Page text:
Surgical Endodntics Questions

What is an apicectomy?

An apicectomy is the surgical removal of the root apex or tip of the root, the preparation of the resected root end to receive a root filling and the placement of the root filling.

Why is an apicectomy necessary?

There are three primary reasons why the surgical approach may be preferred:

  1. If the infection fails to clear following a conventional root treatment and redoing the root filling (retreatment) looks very challenging because of complicated root anatomy and previous procedural difficulties (ledges, retained instruments, perforations) then the surgical approach may be justified.

  2. If there is significant overlying dentistry retained by a post/core which is perfectly intact and the associated risks of removing all the dentistry to access and treat the problem tooth are high then the surgical approach may be justified to resolve this problem.

  3. Occasionally despite careful radiographic and clinical evaluation no obvious cause of failure may be identified and surgical exploration of the problem tooth may be justified.

Where is the surgery carried out?

The surgery is considered to be a minor oral surgical procedure and can be carried out in the dental surgery under local anaesthetic. Like any surgical procedure there are three potential complications which follow surgery (pain, swelling and bruising). It is important to follow the post surgical advice given.

Example: Lower Incisor Surgery

In the x-ray images below, the problem tooth can be seen clearly circled in red. The black area of infection around the base is the most obvious sign here. A complication with this case is that there is a post/core and crown present. This makes the conventional approach of going down the root canal system significantly more difficult as this dentistry would first need to be removed. The picture to the right taken through the operating microscope and viewed through a mini mirror shows the actual resected root tip. It is clear to see that the root filling (orange circle in the image) does not obturate/fill the whole root canal space which implies that not all this space has been disinfected and so the remaining bacteria repopulate the space and cause infection.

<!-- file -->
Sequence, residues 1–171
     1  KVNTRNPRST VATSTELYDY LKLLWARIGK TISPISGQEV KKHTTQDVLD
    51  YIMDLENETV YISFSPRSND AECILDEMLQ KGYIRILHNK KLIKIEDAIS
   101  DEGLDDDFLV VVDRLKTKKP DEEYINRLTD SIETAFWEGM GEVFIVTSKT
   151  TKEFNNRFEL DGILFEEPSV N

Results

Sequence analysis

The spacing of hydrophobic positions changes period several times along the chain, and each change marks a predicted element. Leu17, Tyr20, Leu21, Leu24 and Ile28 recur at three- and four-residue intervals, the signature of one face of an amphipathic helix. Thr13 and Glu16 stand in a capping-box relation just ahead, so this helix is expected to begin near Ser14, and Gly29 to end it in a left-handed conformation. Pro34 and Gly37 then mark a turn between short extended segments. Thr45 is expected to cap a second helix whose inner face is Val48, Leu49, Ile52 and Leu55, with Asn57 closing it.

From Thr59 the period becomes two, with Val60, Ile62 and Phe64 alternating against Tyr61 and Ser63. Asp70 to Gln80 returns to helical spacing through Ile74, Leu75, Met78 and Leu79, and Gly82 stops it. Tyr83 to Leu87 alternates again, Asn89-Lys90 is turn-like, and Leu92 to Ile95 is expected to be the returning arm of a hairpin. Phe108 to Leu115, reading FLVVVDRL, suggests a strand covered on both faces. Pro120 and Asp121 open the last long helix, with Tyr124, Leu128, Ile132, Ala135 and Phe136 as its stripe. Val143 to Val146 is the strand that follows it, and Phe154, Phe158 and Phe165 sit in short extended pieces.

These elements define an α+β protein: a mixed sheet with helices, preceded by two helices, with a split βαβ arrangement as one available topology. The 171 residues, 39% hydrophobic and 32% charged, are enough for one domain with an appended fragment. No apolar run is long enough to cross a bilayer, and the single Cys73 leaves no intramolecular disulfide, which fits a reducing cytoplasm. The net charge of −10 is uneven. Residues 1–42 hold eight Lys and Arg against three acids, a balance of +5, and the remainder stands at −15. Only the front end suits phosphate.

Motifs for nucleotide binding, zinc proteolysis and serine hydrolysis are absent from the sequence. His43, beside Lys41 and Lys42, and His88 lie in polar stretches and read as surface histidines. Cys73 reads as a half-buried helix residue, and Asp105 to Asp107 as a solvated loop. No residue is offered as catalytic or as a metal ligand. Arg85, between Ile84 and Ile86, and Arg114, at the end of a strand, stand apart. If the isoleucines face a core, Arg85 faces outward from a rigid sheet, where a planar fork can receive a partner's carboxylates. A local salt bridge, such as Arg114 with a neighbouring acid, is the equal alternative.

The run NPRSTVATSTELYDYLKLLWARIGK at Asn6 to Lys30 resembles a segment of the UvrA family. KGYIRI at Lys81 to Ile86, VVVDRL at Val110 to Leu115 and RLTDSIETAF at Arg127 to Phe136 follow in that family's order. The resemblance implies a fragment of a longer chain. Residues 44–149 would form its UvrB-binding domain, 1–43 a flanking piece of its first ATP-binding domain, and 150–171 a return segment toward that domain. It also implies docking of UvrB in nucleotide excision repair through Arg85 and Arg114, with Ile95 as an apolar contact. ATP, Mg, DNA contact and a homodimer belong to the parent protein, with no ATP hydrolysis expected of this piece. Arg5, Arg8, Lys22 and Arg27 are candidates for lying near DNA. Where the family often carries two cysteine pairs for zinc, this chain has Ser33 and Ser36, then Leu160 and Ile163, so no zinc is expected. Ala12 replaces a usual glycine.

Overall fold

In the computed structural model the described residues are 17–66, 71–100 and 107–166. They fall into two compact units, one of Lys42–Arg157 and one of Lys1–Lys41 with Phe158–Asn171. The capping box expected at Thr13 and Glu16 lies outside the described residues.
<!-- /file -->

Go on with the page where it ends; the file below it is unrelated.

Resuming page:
A minor surgical procedure under local aesthetic is required. The root end is removed and the infected root canal space is opened up and prepared. A surgical root filling is then placed into this preparation.

The post-op xray and image below show the situation after the surgery has taken place. The image on the right now clearly shows the entire cavity occupied by the new filling. The black infection area is still evident on the X-ray but this will heal in time.

14 months after the surgery the x-ray below shows the successful outcome: the black area of infection has completely disappeared and the filling completely occupying the cavity is soundly in place.

Patient Login Area

Patient Login

Patient Advice

Post Treatment Advice

Useful information for patients following treatment.

Post Surgical Advice

Useful information for patients following a surgical procedure.

Trauma Advice

Information for patients following in the event of a dental trauma.

Preventative Advice

Information for patients to help prevent dental problems.


Useful Links

Request an Appointment